Think about any good invention that never had force in the market, then think about all the garbage that we see everywhere; the difference is how you sell your creativity.
George Lois is a legend in the world of marketing. Some of his projects include the covers of Esquire Magazine from 1962 to 1972, the “I want my MTV” campaign and the Xerox commercials where a chimpanzee uses a photocopier.
Lois’ book Damn Good Advice aims to teach creative people the art of being effective in the industry with 120 pieces of advice ranging from simple ones like the advice number 36:
Most people work at keeping their job, rather than doing a good job. If you’re the former, you’re leading a meaningless life. If you’re the latter, keep up the good work.
…to more detailed stories about his successes in business, so we can draw some wisdom from them.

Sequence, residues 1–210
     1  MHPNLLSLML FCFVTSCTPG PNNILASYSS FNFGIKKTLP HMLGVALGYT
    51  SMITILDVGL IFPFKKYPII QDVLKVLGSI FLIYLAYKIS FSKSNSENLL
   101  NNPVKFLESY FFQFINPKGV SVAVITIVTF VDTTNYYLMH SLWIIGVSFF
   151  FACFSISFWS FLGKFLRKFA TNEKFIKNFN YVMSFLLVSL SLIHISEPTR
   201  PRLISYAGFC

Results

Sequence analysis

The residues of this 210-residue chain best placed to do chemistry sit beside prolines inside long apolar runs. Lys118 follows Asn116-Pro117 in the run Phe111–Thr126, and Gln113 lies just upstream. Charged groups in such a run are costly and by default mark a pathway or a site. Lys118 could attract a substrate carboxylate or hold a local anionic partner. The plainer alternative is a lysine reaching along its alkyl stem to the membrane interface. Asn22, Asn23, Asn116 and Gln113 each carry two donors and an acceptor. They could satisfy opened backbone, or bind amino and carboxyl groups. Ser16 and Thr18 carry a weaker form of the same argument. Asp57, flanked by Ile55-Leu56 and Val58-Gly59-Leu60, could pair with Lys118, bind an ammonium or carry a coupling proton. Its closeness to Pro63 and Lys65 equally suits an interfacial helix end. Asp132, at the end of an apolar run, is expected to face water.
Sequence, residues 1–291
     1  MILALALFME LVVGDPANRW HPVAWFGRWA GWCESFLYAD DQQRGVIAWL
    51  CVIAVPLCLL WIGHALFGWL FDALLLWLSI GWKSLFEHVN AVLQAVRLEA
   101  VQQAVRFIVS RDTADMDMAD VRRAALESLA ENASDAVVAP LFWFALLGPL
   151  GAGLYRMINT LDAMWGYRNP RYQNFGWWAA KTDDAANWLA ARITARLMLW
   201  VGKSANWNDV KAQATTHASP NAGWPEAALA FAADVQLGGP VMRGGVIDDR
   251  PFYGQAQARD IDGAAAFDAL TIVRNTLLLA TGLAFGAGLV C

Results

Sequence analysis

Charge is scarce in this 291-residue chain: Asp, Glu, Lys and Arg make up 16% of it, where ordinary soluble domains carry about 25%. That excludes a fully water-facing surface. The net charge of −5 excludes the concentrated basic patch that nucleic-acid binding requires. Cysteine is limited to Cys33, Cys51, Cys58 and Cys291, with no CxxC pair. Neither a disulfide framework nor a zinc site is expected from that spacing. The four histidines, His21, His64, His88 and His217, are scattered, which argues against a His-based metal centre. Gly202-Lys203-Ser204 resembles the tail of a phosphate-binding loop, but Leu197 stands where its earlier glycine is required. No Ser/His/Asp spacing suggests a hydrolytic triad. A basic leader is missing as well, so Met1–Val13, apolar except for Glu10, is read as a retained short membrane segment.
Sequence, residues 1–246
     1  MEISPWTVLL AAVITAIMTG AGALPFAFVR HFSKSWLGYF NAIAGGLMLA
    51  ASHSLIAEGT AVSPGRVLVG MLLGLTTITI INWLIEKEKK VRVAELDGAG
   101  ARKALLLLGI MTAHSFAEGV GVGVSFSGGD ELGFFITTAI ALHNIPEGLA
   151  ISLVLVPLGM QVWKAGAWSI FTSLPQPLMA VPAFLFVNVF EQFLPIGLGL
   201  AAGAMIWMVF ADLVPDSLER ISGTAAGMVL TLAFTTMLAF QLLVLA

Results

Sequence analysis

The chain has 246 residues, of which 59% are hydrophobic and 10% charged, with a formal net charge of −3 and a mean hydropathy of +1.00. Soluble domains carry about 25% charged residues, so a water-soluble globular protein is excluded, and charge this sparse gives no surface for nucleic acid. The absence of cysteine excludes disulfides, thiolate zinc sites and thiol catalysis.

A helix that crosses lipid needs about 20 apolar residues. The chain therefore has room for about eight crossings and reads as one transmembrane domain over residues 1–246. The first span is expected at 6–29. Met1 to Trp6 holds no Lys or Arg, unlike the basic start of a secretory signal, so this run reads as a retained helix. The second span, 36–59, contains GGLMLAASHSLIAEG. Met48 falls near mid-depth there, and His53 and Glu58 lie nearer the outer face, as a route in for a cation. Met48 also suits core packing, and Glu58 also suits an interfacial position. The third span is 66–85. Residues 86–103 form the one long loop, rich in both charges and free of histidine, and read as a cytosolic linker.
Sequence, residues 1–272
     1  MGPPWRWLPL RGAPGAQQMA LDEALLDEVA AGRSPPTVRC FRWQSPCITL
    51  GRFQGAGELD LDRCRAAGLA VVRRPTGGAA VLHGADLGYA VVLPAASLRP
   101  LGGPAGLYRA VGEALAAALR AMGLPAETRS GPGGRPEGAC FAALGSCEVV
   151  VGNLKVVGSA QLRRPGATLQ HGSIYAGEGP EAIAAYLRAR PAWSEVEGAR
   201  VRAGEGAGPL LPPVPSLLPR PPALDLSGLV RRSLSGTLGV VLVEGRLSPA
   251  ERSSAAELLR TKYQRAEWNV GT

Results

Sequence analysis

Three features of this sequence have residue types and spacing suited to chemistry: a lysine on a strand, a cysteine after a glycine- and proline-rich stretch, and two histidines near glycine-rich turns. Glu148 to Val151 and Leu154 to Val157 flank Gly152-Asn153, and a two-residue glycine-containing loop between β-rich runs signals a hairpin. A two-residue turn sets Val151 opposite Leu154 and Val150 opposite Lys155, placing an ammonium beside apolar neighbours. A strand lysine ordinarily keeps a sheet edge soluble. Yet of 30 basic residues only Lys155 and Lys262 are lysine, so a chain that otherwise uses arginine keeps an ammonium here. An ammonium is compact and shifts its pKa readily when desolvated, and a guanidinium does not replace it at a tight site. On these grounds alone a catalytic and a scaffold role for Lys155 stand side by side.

It took me around two hours to go through the entire book, and although I liked what I saw, I would have to say that it wasn’t what I expected. It is described as a guide for creative people, but when you read it, it feels more like hearing stories from a good friend. In this sense, I would say that the title of the book is more accurate than the description.
If you are thinking about getting this book, keep in mind that it’s more on the artistic side than a detailed guide. I guess that’s why it’s targeted to people with talent! (at least that’s what the cover suggests), perhaps talented and smart people can just read stuff and easily extract useful things.
There is not too much to say about this book; I would consider it a light read. 7.8/10.
Get the book here (Affiliated Link):